Kayaking Georgia is a great possibility with the solitude of the winding creeks and rivers throughout the backwoods.
Whether it is calm Class I waters or the thrilling Class IV rapids there is certain to be a stretch of water to match the skills of the beginner or pro kayaker.
Here are seven of the best places for kayaking in Georgia:
The Alapaha River follows a course that passes through southern Georgia and northern Florida and stretches a total of 202 miles in length.
While mostly flat waters, there are sections of the river with rapids. A great section to paddle includes starting at Statenville and kayaking for approx 11 miles to reach the Alapha Conservation Area, FL.
The Balus Creek in Oakwood is a stretch of water at 4.5 miles and is relatively calm and easy to paddle. It can take about two hours to complete.
But it is a quiet, secluded area which means there is generally few other kayakers around when exploring these waters.
The Chattahoochee River, at 430 miles in length, passes through Georgia, Alabama, and Florida to provide plenty of kayaking opportunities.
This river can vary from the calm to fast-flowing rapids.
Plus, there are several kayaking companies in the local area offering guided tours on sections of the river.
The Chattooga River is a perfect kayaking destination for paddlers of ALL skill levels. It isn’t obstructed by man-made objects or dams which leaves the river free flowing.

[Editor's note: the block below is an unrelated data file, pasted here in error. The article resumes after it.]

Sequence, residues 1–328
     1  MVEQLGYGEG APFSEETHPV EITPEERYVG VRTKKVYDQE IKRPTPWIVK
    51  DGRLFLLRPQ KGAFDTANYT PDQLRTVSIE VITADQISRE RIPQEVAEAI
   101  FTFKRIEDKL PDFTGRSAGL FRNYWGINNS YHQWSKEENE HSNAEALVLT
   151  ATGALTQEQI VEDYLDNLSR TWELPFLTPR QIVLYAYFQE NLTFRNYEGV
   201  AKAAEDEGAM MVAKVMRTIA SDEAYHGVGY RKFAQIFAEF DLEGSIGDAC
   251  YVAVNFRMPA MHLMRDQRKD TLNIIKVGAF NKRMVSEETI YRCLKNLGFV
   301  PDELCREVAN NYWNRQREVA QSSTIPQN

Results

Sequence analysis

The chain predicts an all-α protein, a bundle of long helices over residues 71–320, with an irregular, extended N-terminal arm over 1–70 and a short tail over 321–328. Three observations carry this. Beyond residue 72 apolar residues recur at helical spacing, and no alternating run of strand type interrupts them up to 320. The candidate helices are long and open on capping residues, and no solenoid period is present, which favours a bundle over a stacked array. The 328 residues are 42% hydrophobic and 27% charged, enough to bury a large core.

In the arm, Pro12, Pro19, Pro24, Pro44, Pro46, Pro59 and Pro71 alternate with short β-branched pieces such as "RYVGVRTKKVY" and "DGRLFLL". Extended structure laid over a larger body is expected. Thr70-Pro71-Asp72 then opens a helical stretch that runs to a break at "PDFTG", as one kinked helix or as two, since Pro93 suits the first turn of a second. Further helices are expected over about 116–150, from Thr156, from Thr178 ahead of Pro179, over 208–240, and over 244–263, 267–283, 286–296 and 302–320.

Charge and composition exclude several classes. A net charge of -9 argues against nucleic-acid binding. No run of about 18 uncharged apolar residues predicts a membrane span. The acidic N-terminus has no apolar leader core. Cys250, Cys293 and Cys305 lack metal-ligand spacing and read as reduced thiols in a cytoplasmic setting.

Earl’s Ford is a practical choice for the beginner with a difficulty rating of Class I to II, while Bull Sluice is rated Class IV so more ideal for the skilled. It is situated between the North Carolina and Georgia border.
Plus, this river has great scenery with a choice to admire the thick forest and rocky gorges.
Flint River is a great destination for a kayaking adventure in the state of Georgia.
Start the trip on these serene waters at Highway 96 beneath the bridge. Plus, this area is great for other recreational activities, including fishing and camping.
Great features of the Flint River are the scenic and remote destination which gives great views and perfect for the complete nature lover.
A visit to Monkey Lake at Okefenokee Swamp is certain to appeal to the more adventurous kayaker in search of wetlands with its wild animals, including the American alligator.
Okefenokee Swamp is an acceptable fishing site, but it might attract the attention of the alligators when pulling in a catch.
A calm and easy kayaking trail to navigate includes the relaxing waters of the Toccoa River. It runs for approx 14 miles and passes through Fannin County from Deep Hole to Sandy Bottom Recreation Area.
Certain sections of the river include mild rapids, but in general the river is easy to paddle. Great features of the Toccoa River include wetlands, fields, and forest.
Paddle to the right section of the river for smallmouth bass fishing – but this subject to having the right state fishing license.